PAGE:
- No one in the business units can post directly into our SAP system, with all posting done through our Record-to-Report organization at the Shared Service Centers. The requester, though, is required to meet company policy and local legal requirements in determining the posting to be made, and we have people in our Shared Services Center who can help them as needed. In addition, our Corporate Accounting group also has a small team in each region that can assist the local business units.
- We have a mix, with some journal entries prepared by Shared Services and some prepared by the responsible business units.
- Our company continues in its maturity of the use of a Shared Service support model, which includes a review and justification of the alignment of responsibility for journal entries. Generally, if the business process is well defined, the associated journal entries are routine and require little or no business judgment. In this case, the journal entries are aligned by SLAs to the Shared Service support team.
- Posting journal entries is a mix between our Corporate Accounting team and Shared Services.
- We analyze each entry and depending on language, technicalities, information needed and complexity, we decide if it should be prepared and approved in Shared Services (either by company employees or our outsource service provider) or in the business unit.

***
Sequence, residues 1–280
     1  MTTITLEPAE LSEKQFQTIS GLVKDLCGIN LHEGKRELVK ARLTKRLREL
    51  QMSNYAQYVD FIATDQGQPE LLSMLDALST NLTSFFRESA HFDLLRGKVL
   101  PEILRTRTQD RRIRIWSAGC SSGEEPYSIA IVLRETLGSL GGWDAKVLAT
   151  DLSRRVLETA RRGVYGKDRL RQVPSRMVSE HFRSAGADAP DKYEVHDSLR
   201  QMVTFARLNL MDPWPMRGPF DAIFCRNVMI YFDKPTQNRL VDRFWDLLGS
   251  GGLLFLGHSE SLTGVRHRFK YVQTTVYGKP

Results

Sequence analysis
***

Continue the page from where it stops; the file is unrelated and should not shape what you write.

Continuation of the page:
- While the goal is to do more, not all activities requiring journal creation and entry have been migrated to Shared Services.
- Rule-based and judgment-based entries are posted at the Shared Service Center. The business units can suggest changes in rules.
- Our Shared Services and business units are divided by responsibilities, and this also determines how journal entries are done. In general, the group that calculates the journal entry completes the posting.
- Different ERPs have different set ups regarding journal entry posting. In JD Edwards, all journal entries are made within the Shared Services Center. In SAP, journal entries are shared between the Shared Services Center and plant accountants, and the owner of the entry is determined by a number of factors, including the source of the information used for the entry and whether the entry affects just the plant accountants location or a region as a whole. For journal preparation, in JD Edwards preparation is based upon who has the information needed for the entry, with approximately 70% done by the Shared Services center and 30% by the operation staff. In SAP, the person completing the entry mostly does preparation.
What organization has primary responsibility for journal entry posting at your company? If responsibility is split, what structure is used to clearly define who has responsibility, and how do you ensure consistency in process for entries created at the business units?
Who are your peers and how are you collaborating with them?
“iPollingTM” is available exclusively to Peeriosity member company employees, with consultants or vendors prohibited from participating or accessing content. Members have full visibility to all respondents and their comments. Using Peeriosity’s integrated e-mail system, Peer MailTM, members can easily communicate at any time with others who participate in iPolling.